Named after planes

Albatross Way – named after the four-engine DH.91 Albatross.


Chipmunk Chase – named after the DHC.1 (de Havilland Aircraft of Canada) single-engine training aircraft. It became the RAF's standard basic trainer, and 111 examples were built at Hatfield.


Comet Way – runs past the Comet Hotel, which is named after the DH.88 Comet Racer, winner of the 1934 England-Australia Centenary Air Race (but the name also applies to the DH.106 Comet Jet Airliner. The Tiger Moth is the only other DH aircraft to share a name with an earlier model).


Devon Mead – named after the highly successful, twin-engine DH.104 Dove. Called the Devon in RAF service.


Dragon Road – named after the highly successful, twin-engine, biplane DH.84 Dragon.


Flamingo Close – named after the twin-engine DH.95 Flamingo. The company's first all metal design.


Gypsy Moth Avenue – named after the single-engine biplane that arguably ensured the success of the company, at least in its early years. Jason, G-AAAH, the example Amy Johnson used to fly solo to Australia is displayed at the Science Museum in London. Incidentally, in de Havilland advertising and literature it is spelt as 'Gipsy'.


Horsa Gardens – named after the Airspeed Horsa glider that played an important role in the D-Day landings and Operation Market Garden. Prototypes were built at Salisbury Hall. Later, a modified Horsa glider was used in cockpit visibility trials for the DH.106 Comet Jet Airliner.


Jetliner Way – named after the DH.106 Comet Jet Airliner. The world's first passenger jet aircraft to enter commercial service.


Mosquito Way – named after the twin-engine DH.98 Mosquito, affectionately called the Wooden Wonder.


Nimrod Drive – named after the BAe Nimrod still in service with the RAF (somewhat controversially). It is based on the design of the DH.106 Comet Jet Airliner.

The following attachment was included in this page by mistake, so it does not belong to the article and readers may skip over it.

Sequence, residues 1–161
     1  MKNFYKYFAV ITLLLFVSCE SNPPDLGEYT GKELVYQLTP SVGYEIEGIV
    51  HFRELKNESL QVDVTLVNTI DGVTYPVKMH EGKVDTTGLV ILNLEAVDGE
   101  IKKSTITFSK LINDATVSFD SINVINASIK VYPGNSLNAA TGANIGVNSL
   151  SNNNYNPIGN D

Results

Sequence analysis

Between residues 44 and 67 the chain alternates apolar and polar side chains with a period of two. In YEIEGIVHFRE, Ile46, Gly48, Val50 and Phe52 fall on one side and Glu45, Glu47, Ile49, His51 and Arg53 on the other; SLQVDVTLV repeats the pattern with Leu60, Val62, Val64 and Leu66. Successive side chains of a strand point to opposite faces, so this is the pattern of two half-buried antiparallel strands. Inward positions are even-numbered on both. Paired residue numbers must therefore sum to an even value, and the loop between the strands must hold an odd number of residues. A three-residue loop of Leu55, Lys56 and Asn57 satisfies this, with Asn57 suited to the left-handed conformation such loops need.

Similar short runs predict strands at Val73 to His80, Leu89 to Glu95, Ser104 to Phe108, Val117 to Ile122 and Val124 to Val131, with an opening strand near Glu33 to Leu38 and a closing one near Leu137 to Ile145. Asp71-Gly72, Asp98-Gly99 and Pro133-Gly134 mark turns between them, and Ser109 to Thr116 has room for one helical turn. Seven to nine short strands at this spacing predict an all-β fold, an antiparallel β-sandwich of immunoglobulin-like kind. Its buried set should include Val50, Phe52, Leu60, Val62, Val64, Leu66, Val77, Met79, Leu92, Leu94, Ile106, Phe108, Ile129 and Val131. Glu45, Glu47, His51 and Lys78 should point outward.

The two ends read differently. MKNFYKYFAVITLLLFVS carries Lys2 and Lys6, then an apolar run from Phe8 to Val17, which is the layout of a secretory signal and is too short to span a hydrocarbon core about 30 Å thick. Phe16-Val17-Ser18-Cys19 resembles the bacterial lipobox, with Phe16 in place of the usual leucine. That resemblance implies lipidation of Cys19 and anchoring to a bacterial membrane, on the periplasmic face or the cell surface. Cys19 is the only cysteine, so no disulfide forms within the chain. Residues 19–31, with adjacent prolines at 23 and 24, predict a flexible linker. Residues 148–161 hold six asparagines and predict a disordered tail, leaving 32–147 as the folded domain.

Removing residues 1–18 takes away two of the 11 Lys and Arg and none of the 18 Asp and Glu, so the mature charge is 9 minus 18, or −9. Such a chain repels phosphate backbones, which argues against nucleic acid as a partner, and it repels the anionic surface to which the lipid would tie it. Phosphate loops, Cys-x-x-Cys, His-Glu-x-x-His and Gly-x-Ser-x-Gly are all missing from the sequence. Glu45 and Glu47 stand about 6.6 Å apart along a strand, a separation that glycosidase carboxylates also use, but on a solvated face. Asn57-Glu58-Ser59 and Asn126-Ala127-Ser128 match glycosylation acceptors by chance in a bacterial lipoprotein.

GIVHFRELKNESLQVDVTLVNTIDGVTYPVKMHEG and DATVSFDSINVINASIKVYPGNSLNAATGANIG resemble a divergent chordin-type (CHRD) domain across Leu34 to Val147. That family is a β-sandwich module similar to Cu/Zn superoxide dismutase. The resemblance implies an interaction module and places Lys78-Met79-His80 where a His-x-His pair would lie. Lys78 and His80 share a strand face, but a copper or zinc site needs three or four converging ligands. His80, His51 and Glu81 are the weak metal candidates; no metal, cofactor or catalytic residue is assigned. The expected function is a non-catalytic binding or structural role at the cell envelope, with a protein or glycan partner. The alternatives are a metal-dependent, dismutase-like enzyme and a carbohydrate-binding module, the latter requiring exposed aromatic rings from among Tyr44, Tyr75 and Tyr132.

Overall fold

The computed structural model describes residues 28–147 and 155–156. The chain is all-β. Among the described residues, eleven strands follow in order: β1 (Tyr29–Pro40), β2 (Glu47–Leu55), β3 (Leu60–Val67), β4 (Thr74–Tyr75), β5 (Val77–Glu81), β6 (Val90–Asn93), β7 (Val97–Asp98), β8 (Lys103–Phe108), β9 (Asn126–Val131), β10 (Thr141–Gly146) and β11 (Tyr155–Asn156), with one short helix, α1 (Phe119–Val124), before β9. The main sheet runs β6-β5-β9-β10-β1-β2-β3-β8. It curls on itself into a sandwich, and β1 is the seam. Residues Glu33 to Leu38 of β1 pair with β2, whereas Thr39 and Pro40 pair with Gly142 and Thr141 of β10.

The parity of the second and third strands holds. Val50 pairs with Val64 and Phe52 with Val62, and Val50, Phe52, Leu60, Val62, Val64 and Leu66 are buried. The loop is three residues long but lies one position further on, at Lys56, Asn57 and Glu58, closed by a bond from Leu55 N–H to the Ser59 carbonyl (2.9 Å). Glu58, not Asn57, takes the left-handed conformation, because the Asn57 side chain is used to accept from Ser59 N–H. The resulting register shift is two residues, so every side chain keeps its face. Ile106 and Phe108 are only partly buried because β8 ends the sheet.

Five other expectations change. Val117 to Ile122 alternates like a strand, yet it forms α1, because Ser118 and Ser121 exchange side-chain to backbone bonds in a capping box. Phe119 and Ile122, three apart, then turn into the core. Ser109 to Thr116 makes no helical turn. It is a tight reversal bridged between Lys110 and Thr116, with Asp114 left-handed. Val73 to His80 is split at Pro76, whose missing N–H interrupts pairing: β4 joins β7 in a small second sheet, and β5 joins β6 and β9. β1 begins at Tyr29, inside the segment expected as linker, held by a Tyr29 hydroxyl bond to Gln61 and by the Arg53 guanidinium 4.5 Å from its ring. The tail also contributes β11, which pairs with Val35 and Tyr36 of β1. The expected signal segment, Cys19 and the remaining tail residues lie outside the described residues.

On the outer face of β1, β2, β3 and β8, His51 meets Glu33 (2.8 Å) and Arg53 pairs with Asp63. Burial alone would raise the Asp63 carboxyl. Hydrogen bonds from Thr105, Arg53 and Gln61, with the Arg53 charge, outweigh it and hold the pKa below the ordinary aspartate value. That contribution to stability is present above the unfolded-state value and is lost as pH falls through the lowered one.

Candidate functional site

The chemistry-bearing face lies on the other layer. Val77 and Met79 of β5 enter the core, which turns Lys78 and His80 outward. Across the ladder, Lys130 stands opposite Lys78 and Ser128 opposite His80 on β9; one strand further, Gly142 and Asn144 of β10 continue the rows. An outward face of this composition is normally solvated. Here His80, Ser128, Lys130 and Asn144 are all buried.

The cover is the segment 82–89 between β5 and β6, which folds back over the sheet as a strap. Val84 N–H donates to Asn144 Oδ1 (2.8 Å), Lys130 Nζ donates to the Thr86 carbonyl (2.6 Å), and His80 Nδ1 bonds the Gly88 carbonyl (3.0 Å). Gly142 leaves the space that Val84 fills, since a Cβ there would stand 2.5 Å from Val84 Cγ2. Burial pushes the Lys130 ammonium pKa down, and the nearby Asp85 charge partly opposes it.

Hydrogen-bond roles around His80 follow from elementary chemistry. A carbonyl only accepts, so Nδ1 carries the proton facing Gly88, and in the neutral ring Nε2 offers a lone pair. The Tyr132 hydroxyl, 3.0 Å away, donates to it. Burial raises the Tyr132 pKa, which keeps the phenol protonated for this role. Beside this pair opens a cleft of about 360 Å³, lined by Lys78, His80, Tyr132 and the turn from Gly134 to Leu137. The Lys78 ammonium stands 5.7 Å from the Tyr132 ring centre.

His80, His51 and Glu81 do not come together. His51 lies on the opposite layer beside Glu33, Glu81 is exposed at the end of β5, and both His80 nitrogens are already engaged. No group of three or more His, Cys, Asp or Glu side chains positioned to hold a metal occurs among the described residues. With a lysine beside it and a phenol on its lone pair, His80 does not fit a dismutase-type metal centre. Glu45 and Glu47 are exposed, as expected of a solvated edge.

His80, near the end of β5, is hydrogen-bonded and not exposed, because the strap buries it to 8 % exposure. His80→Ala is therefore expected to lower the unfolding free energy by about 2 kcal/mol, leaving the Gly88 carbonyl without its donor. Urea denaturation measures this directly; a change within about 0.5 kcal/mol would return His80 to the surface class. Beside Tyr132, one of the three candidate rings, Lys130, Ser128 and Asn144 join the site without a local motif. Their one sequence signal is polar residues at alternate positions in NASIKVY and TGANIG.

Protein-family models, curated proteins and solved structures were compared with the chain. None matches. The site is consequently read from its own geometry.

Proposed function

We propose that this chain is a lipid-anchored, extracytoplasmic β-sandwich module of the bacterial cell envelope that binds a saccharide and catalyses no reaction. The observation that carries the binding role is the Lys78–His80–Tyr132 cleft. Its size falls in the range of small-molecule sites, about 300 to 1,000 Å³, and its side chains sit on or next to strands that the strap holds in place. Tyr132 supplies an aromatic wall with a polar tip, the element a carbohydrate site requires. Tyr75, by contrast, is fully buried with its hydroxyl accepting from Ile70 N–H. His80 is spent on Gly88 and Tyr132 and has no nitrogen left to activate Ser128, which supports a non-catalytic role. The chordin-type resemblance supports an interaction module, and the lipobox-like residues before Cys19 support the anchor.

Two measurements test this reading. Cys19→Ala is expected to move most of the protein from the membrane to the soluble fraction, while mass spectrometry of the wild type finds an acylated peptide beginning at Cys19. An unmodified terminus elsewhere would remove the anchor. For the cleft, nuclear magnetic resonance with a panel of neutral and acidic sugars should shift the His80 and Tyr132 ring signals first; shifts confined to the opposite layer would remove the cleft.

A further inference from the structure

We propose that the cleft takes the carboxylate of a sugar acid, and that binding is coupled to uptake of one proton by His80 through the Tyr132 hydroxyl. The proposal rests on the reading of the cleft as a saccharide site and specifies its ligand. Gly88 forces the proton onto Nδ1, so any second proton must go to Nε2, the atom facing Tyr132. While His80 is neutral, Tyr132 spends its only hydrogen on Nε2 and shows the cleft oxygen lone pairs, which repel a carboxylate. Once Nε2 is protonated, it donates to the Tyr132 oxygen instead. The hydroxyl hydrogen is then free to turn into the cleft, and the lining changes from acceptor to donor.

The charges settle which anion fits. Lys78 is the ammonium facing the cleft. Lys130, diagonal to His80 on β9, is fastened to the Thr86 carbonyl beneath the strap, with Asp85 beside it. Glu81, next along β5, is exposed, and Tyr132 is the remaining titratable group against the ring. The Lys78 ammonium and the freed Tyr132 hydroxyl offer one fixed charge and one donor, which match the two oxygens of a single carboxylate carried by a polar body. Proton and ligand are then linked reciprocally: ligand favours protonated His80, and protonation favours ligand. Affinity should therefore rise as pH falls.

Oxford Place – named after the twin-engine Airspeed Oxford (Airspeed being a company which de Havillands had taken over. The Airspeed Design Office was one of the buildings destroyed when the Hatfield site was bombed in 1940). 1,440 were produced at Hatfield during WWII.


Queen Bee Street – named after the DH.82B Queen Bee, a pilotless, radio-controlled version of the DH.82 Tiger Moth. Used primarily as a target trainer for anti-aircraft batteries. 320 were built at Hatfield.


Tiger Moth Way – probably named after the DH.82 Tiger Moth which was the standard Empire training aircraft. Most, if not all, Battle of Britain pilots would have learnt to fly on this type ('Probably' because the DH.71 was also known as the Tiger Moth – officially the company referred to aircraft by their design number).

Please note: More information on aircraft connected with Hatfield has been published in the Claims to Fame section.

Aviation – Aircraft



Named after places

Salisbury Hall Drive – named after the birthplace of the DH.98 Mosquito, Salisbury Hall in London Colney. Salisbury Hall is still standing (now a private residence) with the de Havilland Aircraft Heritage Centre (originally the Mosquito Aircraft Museum) adjoining it. The pride of their collection is the original Mosquito prototype W4050, which first flew at Hatfield. Incidentally, the hall is named after an earlier creation of the Salisbury title and not the Cecil family of Hatfield House who were ennobled under the name in the 17th Century (as the 5th creation). Indeed, it is quite possible that the hall's presence in the neighbourhood influenced Robert Cecil's choice of title.


The Runway – the name is self explanatory. But the road does not appear to align with what was the main runway.